My System SpecsSystem Spec
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15 Dec 2010   #2

Windows 7 Ultimate 64-bit
 
 

Based on the SMART data you have:

05: Count of reallocated sectors. When the hard drive finds a read/write/verification error, it marks this sector as "reallocated" and transfers data to a special reserved area (spare area). This process is also known as remapping, and "reallocated" sectors are called remaps. Unfortunately, on modern operating systems, such as Windows XP and onwards, "bad blocks" cannot be found while testing the surface, as this feature was removed. However, 3rd-party applications such as "HD Tune" and "CHIP SBIANCAMENTO" can reveal bad sectors across the entire surface, even on partitions that are hidden. Also, as the count of reallocated sectors increases, the read/write speed tends to decrease, unless the bad sectors are manually repositioned to a hidden partition, although the boot sector is always at the start of the disk, so if damage is in that area, the drive is only useful as a redundant backup drive. The raw value normally represents a count of the count of bad sectors that have been found and remapped. Thus, the higher the attribute value, the more sectors the drive has had to reallocate.

- 188 sectors of information have been relocated and old sectors deep sixed from the allocation table. 1 sector - 4kb so 188x4 = 782kb of HDD space has been closed off.

C4: Count of remap operations. The raw value of this attribute shows the total count of attempts to transfer data from reallocated sectors to a spare area. Both successful & unsuccessful attempts are counted.

- It has made a relo attempt 192 times, four of which have failed. 192-4=188.

C5: Count of "unstable" sectors (waiting to be remapped, because of read errors). If an unstable sector is subsequently written or read successfully, this value is decreased and the sector is not remapped. Read errors on a sector will not remap the sector (since it might be readable later); instead, the drive firmware remembers that the sector needs to be remapped, and remaps it the next time it's written.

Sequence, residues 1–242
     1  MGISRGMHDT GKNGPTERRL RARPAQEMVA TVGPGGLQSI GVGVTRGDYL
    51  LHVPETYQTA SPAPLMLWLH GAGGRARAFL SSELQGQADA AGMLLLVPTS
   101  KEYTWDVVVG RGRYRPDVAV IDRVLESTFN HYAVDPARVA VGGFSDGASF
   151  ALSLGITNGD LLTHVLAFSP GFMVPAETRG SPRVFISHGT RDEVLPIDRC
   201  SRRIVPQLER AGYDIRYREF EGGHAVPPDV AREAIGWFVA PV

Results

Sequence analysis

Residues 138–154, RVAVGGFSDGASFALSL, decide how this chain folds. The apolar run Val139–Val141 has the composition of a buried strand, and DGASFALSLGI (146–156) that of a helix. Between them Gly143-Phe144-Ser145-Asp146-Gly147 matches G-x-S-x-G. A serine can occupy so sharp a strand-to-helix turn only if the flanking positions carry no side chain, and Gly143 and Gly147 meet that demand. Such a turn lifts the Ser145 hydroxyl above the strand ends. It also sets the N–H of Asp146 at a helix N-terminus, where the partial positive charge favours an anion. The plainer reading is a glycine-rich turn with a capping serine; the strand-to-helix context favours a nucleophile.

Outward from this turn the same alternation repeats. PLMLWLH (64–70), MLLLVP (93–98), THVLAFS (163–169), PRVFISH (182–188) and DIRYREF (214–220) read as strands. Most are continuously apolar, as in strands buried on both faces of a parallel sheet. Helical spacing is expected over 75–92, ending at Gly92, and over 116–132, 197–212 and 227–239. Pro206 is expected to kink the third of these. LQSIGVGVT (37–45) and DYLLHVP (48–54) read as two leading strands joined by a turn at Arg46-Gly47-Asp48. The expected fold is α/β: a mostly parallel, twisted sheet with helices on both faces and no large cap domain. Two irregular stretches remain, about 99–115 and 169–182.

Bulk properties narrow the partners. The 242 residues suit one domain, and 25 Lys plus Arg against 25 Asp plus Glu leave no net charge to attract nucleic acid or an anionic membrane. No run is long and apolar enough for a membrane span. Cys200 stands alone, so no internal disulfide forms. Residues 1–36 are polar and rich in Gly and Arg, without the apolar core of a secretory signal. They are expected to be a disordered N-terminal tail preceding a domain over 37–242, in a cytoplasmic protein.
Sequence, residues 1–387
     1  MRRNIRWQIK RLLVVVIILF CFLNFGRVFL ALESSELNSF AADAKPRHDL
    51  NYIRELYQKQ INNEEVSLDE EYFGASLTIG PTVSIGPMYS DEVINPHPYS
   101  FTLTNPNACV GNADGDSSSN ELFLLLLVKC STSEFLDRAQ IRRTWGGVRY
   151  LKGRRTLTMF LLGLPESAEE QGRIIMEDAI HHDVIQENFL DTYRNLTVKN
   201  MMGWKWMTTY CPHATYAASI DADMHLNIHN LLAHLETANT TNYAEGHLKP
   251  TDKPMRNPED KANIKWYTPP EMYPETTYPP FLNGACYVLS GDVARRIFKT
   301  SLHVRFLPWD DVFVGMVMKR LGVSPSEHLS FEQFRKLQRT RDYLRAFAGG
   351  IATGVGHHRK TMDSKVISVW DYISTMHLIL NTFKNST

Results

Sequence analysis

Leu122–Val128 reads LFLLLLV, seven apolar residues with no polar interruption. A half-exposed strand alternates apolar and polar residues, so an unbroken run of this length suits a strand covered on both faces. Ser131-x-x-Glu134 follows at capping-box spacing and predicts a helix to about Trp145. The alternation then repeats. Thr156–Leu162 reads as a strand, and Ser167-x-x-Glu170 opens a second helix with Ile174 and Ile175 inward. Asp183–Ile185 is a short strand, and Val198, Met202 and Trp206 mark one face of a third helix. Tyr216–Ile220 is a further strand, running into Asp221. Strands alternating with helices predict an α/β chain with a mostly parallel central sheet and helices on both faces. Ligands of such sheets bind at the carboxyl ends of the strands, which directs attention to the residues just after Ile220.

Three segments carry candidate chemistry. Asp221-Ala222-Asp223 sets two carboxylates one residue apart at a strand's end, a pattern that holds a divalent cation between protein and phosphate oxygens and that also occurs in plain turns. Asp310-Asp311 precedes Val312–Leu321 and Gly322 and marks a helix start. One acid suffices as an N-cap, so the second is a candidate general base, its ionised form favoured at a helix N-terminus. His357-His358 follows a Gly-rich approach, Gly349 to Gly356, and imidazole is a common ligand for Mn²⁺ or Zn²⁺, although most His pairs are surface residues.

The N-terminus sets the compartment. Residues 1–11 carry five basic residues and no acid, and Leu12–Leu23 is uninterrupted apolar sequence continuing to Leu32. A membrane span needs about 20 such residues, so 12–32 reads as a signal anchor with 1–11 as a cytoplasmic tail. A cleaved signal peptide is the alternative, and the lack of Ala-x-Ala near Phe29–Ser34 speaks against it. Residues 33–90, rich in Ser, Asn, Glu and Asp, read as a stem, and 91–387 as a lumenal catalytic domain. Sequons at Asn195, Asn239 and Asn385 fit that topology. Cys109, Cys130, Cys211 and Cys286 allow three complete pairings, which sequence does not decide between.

- You have 24 more sectors that are toast and need to be fixed since SMART last checked (this may have improved since taking this report). This number will decrease if the drive finds it can write to the sector later on.

C7: The count of errors in data transfer via the interface cable as determined by ICRC (Interface Cyclic Redundancy Check).

- Pretty straight forward. You have a total of 21 I/O errors to date.

Now, the DATA column, depending on the manufacturer can mean what I described or it could be total bogus. There is nothing in the ATA standard that says what the DATA column has to adhere to.

SOOOO..... the burning question is WHAT TO DO.

I'd try clearing off the drive and doing a low-level format. If it fails, RMA the drive. If it passes, it should be good to go.
My System SpecsSystem Spec
15 Dec 2010   #3

Windows 7 Ultimate x64
 
 

You could use a program called HDD Generator which will find and "quarantine" the bad sectors. Or this program may actually be able to recover those bad sectors and repair them. I've had some good success with this program.

You can find it here: Dmitriy Primochenko Online

Good luck
My System SpecsSystem Spec
.


15 Dec 2010   #4

Windows 7 x64 pro/ Windows 7 x86 Pro/ XP SP3 x86
 
 

Some thoughts..

Reallocation means the harddrive found a bad sector, and swapped it with a reserve pool of sectors. After this swap the drive should be free of bad sectors as far the OS is concerned.

So replacing the drive immediately may be an overreaction, a drive with reallocated sectors could last for years. Only thing is if the number rises steadily every few days then you've got a failing hard disk because once the reserve pool runs out it cannot hide the bad sectors anymore from the OS. Also, a drive can only reallocte a sector if you write to it or read from it. So maybe a zero-write on the drive will help identify the problem better, unless you've already done that. If the number doesnt not increase after a zero-write, it means the drive found no new potentially bad sectors that it wants to swap.